It’s just so easy to get to Antigua with direct flights offered by Air Canada and West Jet several days a week in season, Antigua also offers one of the best kick-off points for exploring so many other Caribbean islands…if you have the time and the winds are prevailing in the right direction.
However, don’t get me wrong. There’s lots to do in Antigua and since it’s pretty much a year-round destination, you could customize your charter vacation by planning it around Antigua Sailing Week in late April or the annual carnival in late July.
It’s an awkward fact of life for us at Canadian Yachting magazine that while we know the majority of our readers are power boaters, the majority of people who want to write about their cruising experiences are sailors! In addition to that, the greatest attraction seems to be far-off and exotic locations that can be both expensive and challenging to anyone’s skills as a skipper. So, we wanted to offer the power boater’s perspective too and to remind our readers that some of the most memorable and spectacular scenery is really closer than you’d think.
As the result of some scheduling issues, career commitments and just bad timing, our sojourn to Holland became a guys only trip. Here is what we would tell our wives that they missed by not joining us on our Le Boat trip in Holland.
Roster for the trip:
* Captain John Armstrong on the wheel * First Mate Robin Ball, navigator, tactician and sous chef * Deck Crew Greg Nicoll, lines and bollards, plus some cooking and storytelling...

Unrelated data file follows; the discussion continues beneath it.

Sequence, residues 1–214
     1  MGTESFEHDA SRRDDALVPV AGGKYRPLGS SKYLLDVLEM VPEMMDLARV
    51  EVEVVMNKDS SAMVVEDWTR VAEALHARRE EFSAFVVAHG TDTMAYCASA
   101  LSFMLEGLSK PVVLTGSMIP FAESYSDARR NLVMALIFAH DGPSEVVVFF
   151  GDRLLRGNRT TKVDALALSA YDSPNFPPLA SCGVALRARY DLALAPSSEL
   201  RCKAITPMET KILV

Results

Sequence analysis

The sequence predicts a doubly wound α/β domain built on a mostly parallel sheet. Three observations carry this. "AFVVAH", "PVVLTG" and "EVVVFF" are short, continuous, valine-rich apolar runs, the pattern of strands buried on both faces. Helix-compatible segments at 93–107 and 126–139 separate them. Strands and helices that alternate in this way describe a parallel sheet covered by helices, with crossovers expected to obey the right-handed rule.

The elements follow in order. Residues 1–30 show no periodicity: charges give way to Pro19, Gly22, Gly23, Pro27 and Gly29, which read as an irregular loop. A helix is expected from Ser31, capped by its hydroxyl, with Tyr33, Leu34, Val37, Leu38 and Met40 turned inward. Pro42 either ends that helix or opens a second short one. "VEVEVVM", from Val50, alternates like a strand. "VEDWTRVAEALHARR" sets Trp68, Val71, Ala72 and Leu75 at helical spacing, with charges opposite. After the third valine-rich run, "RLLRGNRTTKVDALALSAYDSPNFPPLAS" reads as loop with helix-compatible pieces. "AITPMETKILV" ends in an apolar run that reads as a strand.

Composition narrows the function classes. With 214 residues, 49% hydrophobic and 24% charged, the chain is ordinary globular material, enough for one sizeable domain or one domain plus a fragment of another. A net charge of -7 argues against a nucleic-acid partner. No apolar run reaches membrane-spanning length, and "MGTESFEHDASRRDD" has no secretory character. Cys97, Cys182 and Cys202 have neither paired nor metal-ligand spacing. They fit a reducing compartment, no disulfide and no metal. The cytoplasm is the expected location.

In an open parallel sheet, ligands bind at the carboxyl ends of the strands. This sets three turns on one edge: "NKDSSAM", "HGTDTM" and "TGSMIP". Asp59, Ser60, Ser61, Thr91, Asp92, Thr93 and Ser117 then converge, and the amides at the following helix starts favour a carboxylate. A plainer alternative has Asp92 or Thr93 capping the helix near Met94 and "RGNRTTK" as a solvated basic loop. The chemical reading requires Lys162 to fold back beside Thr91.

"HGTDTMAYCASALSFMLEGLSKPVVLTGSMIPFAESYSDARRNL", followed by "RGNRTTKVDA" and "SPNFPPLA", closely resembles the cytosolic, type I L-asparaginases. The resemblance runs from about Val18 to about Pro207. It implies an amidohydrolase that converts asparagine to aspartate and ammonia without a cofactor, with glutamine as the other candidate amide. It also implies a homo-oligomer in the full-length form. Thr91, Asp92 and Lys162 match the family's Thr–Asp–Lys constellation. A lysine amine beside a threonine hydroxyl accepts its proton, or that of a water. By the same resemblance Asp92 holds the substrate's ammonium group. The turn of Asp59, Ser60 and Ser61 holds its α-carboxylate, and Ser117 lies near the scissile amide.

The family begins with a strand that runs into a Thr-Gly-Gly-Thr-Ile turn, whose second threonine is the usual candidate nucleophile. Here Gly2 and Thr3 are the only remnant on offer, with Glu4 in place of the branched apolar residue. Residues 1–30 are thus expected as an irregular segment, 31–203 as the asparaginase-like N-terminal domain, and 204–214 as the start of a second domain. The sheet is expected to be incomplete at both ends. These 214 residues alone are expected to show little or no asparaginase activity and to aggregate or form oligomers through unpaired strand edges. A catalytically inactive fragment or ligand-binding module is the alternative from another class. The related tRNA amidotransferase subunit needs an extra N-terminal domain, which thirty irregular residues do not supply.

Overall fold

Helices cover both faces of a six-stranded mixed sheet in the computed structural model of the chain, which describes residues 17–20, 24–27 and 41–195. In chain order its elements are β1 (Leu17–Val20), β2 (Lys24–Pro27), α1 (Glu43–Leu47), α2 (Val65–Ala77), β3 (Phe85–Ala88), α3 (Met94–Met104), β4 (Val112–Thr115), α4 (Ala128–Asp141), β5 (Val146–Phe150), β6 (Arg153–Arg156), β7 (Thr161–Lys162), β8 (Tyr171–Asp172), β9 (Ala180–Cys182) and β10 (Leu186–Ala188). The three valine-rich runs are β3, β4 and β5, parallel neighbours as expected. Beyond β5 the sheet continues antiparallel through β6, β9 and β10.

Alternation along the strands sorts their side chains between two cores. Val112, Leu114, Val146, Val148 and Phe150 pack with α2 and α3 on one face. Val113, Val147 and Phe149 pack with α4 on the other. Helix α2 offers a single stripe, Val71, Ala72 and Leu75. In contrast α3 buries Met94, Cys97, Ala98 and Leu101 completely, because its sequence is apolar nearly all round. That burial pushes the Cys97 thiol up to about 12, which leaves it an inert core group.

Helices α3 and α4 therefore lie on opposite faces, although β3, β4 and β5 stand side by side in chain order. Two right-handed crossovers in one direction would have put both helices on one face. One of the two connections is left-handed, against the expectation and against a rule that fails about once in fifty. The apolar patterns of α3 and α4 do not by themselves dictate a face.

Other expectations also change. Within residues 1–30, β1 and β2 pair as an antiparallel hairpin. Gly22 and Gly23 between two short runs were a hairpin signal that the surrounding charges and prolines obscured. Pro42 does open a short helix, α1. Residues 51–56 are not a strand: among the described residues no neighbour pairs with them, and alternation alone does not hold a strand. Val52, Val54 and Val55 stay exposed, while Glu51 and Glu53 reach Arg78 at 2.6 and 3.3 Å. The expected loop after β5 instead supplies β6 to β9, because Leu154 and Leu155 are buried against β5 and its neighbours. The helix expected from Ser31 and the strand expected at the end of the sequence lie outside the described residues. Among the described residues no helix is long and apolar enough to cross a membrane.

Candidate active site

The express cruiser style in this boat is refined in a number of interesting and unique ways. The distinctive bow styling serves an important purpose as does the attractive transom treatment while the rest of the yacht in between is an outstanding expression of the contemporary express cruiser style.
Our guide through the boat was Derek Mader, President of Executive Yacht in Toronto and our Azimut 55 S was, at that time, the only 2016 model available in Canada. Derek had ordered the boat in because he believed it had some unique features and indeed, it's unexpected to find a 55 foot express cruiser that includes both a private crew cabin and an enclosed dinghy garage.
As summer becomes a distant memory, see if you can close your eyes and recall those glorious days when you spent more than one lazy day hanging around the general store at the cottage. Not only was it a great place to purchase some penny candy, but also the place where you could eavesdrop on conversations that your parents said you should know nothing about. It’s where countless members of small communities seemed to blend seamlessly when they sailed, laughed, danced, swam, had ice creams, paddled, and shared cherished memories in a casual, summer atmosphere. C and Stony Lake Yacht Club comprise this community which has existed for some eight generations on Juniper Island in the ‘Jewel of the Kawarthas’. Many say that if Stony Lake is a community then Juniper is its hub. In the late 40s, Swatty Wotherspoon came to the lake and has been returning ever since. For him, life-lasting friendships were made where he vividly remembers square dances at the Pavillion, which became a very important place for his family growing up. He still treasures the spoons he won in the races sailing with everyone out of the yacht club.
DIY & How to